I’ve liked Drew Barrymore since I first saw her as Gertie in E.T.: The Extra-Terrestrial (1982) when she was all of about 6 years old. Like many people, I found her charming and saw her in Firestarter (1984) and Cat’s Eye (1985).
I didn’t exactly follow her career as she went through her drug and rehab stints as a young girl. I did, however, take a liking to her re-rise to fame in trashy films like Poison Ivy (1992), Guncrazy (1992), and Doppelganger (1993), and her big turning point, The Amy Fisher Story (1993) when she was suddenly “back”.
She built up her modern image in light fare aimed at young girls: Ever After (1998) and Never Been Kissed (1999); I still liked her even if I wasn’t interested in her movies. I thought she’d done well for herself, developing a production company and making it big with Charlie’s Angels (2000) and Charlie’s Angels: Full Throttle (2003).
But to see her take up directing? Wasn’t really necessary.
Whip It is a movie about girls’ roller derby, a retro sport that has gained popularity over the past several years, and stars the chipper Ellen Page of Juno (2007) fame. It’s the sort of lightweight teen outsider comedy mixed with sports film, set to a fair amount of 1980s tunes and populated with a number of recognizable faces. The film is about exactly what you would imagine it to be, light as a feather, shallow as a puddle, and relatively entertaining nonetheless.
Barrymore appears in it as a character that could well-be considered her self-image persona, the pretty, goofy, rowdy girl who fits right in with the brawling babes. Also on their team, the Hurl Scouts, are Kristen Wiig, Eve, and Zoe Bell (who was last seen in Quentin Tarantino’s Death Proof ). On the opposing side is Juliette Lewis (who also could be argued to playing a close version of her rock’n’roll self) and mom is Marcia Gay Harden and dad is the very likeable Daniel Stern.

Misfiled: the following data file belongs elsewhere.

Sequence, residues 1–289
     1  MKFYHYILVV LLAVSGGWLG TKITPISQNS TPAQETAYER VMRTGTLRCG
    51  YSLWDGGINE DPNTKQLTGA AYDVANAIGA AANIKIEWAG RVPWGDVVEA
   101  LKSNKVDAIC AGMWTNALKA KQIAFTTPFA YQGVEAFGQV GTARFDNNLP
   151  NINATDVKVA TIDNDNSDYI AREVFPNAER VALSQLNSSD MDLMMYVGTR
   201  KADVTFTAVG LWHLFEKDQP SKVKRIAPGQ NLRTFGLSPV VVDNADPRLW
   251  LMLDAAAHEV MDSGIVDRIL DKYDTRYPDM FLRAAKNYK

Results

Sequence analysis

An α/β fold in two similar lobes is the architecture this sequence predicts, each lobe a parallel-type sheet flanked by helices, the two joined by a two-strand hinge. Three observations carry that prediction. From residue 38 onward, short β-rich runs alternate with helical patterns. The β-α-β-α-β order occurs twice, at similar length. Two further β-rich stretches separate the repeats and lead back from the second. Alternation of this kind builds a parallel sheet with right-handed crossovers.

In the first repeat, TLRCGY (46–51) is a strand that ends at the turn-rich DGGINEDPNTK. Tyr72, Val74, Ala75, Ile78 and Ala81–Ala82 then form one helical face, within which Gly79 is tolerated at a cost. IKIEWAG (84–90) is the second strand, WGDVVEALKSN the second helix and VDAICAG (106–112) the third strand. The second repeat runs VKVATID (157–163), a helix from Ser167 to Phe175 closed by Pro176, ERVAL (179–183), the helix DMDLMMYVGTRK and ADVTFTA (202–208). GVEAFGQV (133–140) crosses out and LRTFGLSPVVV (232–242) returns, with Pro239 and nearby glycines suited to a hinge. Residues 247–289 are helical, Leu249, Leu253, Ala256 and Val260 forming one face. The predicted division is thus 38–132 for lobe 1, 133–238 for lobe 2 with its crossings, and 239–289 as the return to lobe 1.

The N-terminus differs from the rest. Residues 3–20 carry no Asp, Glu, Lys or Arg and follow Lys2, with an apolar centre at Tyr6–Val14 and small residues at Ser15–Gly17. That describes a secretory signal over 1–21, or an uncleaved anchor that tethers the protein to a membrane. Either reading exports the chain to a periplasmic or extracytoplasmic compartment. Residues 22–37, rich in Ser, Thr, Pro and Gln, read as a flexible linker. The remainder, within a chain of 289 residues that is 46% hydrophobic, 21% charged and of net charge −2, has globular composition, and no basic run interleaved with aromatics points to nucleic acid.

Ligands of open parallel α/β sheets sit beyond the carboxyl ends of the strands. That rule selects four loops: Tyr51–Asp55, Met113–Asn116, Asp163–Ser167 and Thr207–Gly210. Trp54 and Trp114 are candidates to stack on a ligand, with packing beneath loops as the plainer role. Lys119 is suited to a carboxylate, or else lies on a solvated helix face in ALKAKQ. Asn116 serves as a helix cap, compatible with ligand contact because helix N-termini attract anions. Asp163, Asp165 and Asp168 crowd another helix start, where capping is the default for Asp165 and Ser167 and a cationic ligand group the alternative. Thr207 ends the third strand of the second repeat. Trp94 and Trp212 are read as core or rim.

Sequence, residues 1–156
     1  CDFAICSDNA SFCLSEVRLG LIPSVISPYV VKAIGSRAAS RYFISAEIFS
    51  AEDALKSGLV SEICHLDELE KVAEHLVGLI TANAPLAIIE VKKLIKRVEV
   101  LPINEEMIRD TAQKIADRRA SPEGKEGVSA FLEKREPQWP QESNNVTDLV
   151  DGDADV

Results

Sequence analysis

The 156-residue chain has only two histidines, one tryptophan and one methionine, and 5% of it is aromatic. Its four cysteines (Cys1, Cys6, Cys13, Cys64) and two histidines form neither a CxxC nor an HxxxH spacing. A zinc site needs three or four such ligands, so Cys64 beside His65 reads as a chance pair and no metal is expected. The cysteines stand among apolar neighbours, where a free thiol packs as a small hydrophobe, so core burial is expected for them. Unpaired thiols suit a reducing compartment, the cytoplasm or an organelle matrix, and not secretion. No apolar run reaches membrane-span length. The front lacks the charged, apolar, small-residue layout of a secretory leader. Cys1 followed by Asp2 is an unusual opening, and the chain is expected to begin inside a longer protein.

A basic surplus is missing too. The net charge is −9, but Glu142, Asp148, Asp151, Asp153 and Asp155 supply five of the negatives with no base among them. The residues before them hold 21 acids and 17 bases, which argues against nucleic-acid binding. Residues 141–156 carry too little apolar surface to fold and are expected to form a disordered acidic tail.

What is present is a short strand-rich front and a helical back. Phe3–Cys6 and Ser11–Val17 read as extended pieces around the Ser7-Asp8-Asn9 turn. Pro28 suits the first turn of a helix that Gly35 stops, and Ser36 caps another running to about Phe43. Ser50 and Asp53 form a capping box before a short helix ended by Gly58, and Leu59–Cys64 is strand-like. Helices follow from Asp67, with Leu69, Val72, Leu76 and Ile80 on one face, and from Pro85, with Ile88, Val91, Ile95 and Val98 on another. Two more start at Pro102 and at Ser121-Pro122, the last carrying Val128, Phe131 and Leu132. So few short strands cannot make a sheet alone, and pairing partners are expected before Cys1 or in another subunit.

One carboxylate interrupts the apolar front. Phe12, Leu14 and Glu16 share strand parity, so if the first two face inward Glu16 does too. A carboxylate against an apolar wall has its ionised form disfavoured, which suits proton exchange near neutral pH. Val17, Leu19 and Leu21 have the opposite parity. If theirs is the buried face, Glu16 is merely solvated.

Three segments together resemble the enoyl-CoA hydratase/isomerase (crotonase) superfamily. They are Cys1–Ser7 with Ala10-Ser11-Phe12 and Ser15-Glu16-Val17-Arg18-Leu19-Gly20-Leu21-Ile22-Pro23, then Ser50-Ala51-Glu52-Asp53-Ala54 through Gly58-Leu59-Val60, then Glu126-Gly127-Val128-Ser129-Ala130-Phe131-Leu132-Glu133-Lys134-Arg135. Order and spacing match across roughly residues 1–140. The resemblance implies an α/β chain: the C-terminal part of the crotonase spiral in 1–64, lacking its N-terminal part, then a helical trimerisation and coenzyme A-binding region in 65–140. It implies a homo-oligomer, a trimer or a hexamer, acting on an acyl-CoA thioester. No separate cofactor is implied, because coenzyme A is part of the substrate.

When the film came out last summer, some of the criticism ran against it (and Jennifer’s Body  as well) alleged that the films’ supposed adoption of “grrrl power” motifs were limp-wristed and by the numbers. I haven’t been able to take that particular slant, but I would say that this film depicts the tough-guy gals as comical but clean. It’s just good-ol’ fun, and while Page’s mother wants her to be dressed like a proper lady, the call to the identity of the American girl individual is there. But the world, with its under-age drinking, isn’t drawn up to be dark or scary. The worst thing that can happen is the boy you like gives your favorite t-shirt to some other girl.
But that’s men for you.
Actually, the worst thing about this film is Jimmy Fallon who plays the announcer/party-thrower. He’s Jimmy Fallon. Need I say more? He’s frickin’ annoying (I’ll keep this clean since Drew kept her film clean).
Drew, I still like you but you really don’t need to make any more movies if this is representative of future projects. Then again, it might as well be you because they’ll keep getting made by somebody, I suppose. And God knows, it could have been worse.
For the full archive of movie reviews by Ken, please see kennelco.com/film_diary